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Cord Cutter: Cable Broadband vs Cable TV Inflection Nears

29 July 2014 403 views 3 Comments

Dirty little cord cutter secret is that cable TV is out, but cable broadband is on the rise. Yes, the Fairer Platform family has cut the TV cord, but…

Dirty little cord cutter secret is that cable TV is out, but cable broadband is on the rise. Yes, the Fairer Platform family has cut the TV cord, but still pays Time Warner for cable broadband every month.

And, lots of folks are in the same boat. Whether we’re talking cable or the lucky few with fiber, a growing number of people are getting an HD antenna and cutting the TV cord.

That said, an interesting milestone is approaching for America’s cable service providers. According to Moody’s Investors Service research, a direct result of the growing ranks of cord cutters is that cable companies will soon have more broadband than pay TV customers.

“Cable providers’ largely upgraded networks and high-speed capabilities can make them the first call for consumers seeking fast Internet connections,” said Karen Berckmann, vice president and senior analyst, Moody. “But if cable companies want to sell their video product as well, the onus is on them to provide a compelling video experience at an attractive price.”

Yeah, good luck with that. It’s super easy to combine a quality HD antenna with Netflix, Hulu Plus and/or Amazon Prime and save big over cable TV.

Some time very soon, US cable operators will pass an inflection point where their will have more broadband customers than pay TV subscribers. Moody believes some service providers already have more data than TV customers, but the milestone is coming for all providers sooner rather than later.

For example, Time Warner and Charter have more data than TV subs, while Cablevision is on the cusp.

Roughly speaking, Moody estimates both broadband and pay TV now claim about 50 million subs.

Are you already a cord cutter? How do you get broadband — DSL, cable or fiber?

Related Posts:
— Cable TV Bled 10 Million Subs Since 2010, Here’s Why!
HD Antennas: Nearly 1-in-5 Homes Get Free HD TV
What Is KeepMyTV? The FUD-y Truth According to NAB
Roku Beats Apple TV? Yes, But No
Why You Should Cut Cable Right Now

3 Comments »

  • Jieyouxiandianshi Burongyi said:

    I currently have Amazon Prime & Netflix. I had Hulu Plus at one point but unsubscribed. Between these three services, I still find it hard to “cut the cord”.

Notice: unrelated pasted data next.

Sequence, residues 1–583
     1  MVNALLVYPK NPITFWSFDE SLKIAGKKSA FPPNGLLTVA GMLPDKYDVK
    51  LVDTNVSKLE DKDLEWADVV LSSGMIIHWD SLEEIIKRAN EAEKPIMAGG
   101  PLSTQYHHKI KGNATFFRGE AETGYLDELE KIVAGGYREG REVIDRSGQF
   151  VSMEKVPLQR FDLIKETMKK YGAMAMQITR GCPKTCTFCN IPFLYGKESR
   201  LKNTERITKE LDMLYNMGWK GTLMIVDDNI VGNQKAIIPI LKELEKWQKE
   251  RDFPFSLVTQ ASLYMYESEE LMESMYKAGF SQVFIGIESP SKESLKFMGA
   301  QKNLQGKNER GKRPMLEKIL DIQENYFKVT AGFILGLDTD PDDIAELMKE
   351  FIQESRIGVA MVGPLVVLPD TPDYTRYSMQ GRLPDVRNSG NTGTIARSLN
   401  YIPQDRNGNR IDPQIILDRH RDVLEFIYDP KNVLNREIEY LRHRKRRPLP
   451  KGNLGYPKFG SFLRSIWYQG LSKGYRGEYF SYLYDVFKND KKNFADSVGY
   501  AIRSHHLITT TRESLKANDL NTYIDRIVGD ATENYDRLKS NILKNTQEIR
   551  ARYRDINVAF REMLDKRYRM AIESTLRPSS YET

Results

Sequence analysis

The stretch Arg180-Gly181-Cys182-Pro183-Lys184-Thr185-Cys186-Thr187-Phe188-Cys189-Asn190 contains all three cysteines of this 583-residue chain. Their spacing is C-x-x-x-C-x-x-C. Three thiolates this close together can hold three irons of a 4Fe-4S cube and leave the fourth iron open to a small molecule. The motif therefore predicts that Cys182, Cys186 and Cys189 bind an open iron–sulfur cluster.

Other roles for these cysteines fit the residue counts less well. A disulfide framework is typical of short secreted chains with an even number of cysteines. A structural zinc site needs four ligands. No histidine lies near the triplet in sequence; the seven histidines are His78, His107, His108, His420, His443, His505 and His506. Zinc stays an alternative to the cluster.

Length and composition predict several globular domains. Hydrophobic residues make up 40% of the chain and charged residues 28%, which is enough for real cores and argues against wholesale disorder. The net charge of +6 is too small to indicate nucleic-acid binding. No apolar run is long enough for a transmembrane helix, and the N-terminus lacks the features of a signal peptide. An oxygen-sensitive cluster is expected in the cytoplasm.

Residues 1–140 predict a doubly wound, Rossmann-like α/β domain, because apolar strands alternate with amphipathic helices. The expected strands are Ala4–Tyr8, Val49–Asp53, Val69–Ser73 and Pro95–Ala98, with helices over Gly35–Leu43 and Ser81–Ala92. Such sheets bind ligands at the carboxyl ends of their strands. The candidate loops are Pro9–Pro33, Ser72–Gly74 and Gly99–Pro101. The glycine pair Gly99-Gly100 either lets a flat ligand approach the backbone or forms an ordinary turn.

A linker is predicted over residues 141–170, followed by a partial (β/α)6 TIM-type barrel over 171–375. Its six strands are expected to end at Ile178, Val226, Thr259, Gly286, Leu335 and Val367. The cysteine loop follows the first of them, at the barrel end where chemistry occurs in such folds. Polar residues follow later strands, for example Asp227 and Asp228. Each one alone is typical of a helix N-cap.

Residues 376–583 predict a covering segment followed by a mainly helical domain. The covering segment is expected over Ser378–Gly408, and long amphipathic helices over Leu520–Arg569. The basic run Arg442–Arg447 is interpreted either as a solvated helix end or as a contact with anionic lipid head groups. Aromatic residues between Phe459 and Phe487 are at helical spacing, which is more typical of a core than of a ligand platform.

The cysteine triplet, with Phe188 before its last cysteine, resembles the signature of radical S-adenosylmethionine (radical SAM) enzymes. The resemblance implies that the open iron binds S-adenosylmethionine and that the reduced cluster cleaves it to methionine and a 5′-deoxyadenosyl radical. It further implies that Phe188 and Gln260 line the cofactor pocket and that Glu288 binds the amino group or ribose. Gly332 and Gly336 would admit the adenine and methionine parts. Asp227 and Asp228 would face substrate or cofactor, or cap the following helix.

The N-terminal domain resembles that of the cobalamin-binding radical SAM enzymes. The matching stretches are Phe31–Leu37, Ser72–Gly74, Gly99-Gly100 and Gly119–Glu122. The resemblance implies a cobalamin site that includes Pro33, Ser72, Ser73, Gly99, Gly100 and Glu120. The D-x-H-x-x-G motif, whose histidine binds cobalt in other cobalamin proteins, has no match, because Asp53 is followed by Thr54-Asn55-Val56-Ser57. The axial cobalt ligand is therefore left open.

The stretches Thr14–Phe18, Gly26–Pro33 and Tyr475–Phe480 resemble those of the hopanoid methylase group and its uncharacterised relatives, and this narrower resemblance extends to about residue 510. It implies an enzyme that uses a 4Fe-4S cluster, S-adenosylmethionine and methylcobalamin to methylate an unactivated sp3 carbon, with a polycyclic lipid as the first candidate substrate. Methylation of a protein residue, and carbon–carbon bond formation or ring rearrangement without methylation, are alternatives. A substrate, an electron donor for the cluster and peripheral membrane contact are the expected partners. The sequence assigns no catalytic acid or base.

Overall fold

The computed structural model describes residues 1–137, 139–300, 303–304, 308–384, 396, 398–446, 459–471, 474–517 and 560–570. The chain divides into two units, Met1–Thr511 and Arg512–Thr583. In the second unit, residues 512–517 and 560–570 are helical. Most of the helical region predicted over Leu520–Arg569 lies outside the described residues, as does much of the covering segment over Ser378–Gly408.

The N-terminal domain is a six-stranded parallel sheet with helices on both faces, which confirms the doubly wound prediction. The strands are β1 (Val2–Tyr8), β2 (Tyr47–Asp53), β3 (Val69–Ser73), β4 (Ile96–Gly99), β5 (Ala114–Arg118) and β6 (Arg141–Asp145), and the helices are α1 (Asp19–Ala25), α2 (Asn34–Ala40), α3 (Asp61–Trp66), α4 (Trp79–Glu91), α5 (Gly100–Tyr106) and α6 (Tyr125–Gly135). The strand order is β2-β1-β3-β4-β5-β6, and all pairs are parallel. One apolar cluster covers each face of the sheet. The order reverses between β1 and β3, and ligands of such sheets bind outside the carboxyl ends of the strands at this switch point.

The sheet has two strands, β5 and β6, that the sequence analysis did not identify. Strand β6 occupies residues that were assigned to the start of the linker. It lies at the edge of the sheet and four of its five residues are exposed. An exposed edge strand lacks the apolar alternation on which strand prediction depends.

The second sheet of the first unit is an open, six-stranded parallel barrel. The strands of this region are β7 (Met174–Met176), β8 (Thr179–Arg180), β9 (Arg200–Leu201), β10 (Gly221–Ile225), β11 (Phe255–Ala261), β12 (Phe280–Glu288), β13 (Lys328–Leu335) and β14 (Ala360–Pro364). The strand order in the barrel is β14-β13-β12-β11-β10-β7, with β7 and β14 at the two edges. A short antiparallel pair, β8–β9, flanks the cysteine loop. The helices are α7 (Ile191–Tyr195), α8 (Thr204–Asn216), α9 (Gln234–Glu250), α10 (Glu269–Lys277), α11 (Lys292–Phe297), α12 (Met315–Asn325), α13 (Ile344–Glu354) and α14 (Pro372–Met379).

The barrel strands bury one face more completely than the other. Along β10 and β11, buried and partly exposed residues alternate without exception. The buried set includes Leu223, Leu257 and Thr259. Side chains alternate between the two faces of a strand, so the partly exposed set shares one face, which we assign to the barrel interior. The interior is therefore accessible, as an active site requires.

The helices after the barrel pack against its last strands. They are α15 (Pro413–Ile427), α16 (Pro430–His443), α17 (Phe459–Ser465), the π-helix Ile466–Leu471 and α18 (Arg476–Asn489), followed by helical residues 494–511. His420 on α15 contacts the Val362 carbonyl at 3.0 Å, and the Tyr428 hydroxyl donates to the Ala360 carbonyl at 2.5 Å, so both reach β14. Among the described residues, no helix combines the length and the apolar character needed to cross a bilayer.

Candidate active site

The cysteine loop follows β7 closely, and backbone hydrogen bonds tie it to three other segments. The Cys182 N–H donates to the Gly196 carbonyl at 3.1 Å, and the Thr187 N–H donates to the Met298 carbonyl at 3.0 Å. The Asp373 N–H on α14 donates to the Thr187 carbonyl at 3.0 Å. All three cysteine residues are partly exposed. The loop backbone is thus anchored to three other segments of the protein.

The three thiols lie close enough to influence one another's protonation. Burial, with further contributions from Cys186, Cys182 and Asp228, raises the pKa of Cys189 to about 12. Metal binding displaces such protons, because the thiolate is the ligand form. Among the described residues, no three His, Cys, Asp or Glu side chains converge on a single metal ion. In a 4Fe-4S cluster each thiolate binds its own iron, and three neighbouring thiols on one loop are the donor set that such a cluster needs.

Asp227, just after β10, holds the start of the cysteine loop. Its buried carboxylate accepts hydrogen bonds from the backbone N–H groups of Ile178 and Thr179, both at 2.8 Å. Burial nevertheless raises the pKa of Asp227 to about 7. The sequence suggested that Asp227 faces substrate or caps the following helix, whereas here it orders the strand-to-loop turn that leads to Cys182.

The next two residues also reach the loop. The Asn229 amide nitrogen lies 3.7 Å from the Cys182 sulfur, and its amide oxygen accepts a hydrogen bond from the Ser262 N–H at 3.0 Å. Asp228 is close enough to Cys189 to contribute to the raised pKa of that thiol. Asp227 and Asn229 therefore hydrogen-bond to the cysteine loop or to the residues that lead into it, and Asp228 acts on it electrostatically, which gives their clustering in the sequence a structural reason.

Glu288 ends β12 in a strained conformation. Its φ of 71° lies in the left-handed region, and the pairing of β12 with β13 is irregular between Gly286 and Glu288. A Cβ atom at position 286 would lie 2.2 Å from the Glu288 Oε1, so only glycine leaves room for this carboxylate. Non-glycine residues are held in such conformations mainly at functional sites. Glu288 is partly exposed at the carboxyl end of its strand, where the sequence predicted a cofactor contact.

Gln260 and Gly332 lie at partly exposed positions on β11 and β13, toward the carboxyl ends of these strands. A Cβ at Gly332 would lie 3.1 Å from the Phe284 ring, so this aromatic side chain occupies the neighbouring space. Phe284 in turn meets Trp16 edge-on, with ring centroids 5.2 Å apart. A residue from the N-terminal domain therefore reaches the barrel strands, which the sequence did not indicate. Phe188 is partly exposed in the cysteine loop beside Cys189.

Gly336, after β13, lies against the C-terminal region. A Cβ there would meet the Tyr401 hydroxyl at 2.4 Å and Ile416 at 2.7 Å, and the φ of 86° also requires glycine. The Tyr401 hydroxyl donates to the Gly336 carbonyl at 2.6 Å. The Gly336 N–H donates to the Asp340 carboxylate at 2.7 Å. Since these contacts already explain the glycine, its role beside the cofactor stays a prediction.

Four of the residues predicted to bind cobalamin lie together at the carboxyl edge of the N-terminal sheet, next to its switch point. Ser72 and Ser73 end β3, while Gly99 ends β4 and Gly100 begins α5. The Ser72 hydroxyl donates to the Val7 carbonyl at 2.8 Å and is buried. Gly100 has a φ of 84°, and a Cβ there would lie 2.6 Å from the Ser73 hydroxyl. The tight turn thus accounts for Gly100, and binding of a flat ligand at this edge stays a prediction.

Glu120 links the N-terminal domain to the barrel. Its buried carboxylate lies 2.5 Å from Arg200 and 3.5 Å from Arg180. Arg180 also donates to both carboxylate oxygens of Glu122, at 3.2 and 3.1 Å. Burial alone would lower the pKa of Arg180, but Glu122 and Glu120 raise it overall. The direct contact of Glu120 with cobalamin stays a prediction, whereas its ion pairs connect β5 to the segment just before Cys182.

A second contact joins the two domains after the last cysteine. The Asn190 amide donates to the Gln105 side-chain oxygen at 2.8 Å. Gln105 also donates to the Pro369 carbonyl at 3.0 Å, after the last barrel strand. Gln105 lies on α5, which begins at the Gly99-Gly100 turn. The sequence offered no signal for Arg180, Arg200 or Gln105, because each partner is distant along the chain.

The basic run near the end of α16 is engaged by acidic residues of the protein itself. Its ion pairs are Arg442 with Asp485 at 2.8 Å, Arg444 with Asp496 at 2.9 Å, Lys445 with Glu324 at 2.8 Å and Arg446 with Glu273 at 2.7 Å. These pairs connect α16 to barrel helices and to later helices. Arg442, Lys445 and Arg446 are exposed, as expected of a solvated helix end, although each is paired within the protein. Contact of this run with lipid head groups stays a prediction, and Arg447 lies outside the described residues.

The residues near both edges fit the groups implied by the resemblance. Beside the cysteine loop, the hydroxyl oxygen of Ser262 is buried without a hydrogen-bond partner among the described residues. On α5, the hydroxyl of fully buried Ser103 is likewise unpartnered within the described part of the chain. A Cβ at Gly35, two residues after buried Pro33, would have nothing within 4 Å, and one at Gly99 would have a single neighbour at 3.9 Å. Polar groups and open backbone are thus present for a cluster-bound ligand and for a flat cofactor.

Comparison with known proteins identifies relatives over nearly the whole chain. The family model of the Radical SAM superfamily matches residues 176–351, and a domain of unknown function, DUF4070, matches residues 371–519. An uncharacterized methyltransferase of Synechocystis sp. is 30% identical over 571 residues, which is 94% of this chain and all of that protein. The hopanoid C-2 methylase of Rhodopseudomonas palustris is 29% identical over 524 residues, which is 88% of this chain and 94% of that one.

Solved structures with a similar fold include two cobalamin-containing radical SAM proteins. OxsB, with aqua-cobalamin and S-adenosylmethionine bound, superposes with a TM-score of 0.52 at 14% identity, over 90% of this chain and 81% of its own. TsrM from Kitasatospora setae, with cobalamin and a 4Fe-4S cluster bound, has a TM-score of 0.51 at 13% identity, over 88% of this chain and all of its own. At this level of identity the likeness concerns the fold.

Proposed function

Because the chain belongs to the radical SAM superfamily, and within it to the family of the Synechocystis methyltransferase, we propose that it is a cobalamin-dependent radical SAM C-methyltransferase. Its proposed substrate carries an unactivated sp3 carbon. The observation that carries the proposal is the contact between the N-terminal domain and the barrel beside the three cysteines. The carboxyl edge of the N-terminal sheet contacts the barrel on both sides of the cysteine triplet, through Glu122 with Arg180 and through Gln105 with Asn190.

Right now all of my favorite shows are automatically recorded to my DVR as soon as they are aired and whenever I have time to watch them they are right there ready for me.

    Having used Netflix, Amazon Instant Video and Hulu Plus, I have not been able to achieve such convenience and ease.

    Often I have to wait days, weeks or even months after the episode was initially aired before it becomes available on one of the services. Not only that, due to licensing issues, I often have to search for my favorite shows on different services until I find one that has it, assuming it’s available at all.

    If someone can come up with a device to replace my DVR and provide the same kind of convenience, I’d be more than willing to pay less than I’m paying for cable TV right now. Until then, I simply can’t cut the cord, as much as I want to.

  • Syn said:

    The Problem with this is.. as people drop cable, Broadband will rise to make up for it. They already should be under investigation for how much they charge for broadband. If you try to leave, SUDDENLY, they can give you a lower price which leads one to believe they are over charging to begin with.

    I remember the old days AOL charge by the hour. ISP’s came along and gave all you can eat for 20 dollars. AOL had to follow that. However as people got more internet savvy, and AOL refused to stop treating their customers like they were idiots and needed to be hand held, ISPS took over the Market and AOL founds itself out. And with AOL out, they won and are now free to charge whatever outrageous price they feel like.

  • Bob B Bob said:

    I would love to have four, five or six choices for cable broadband. We need real competition in broadband.

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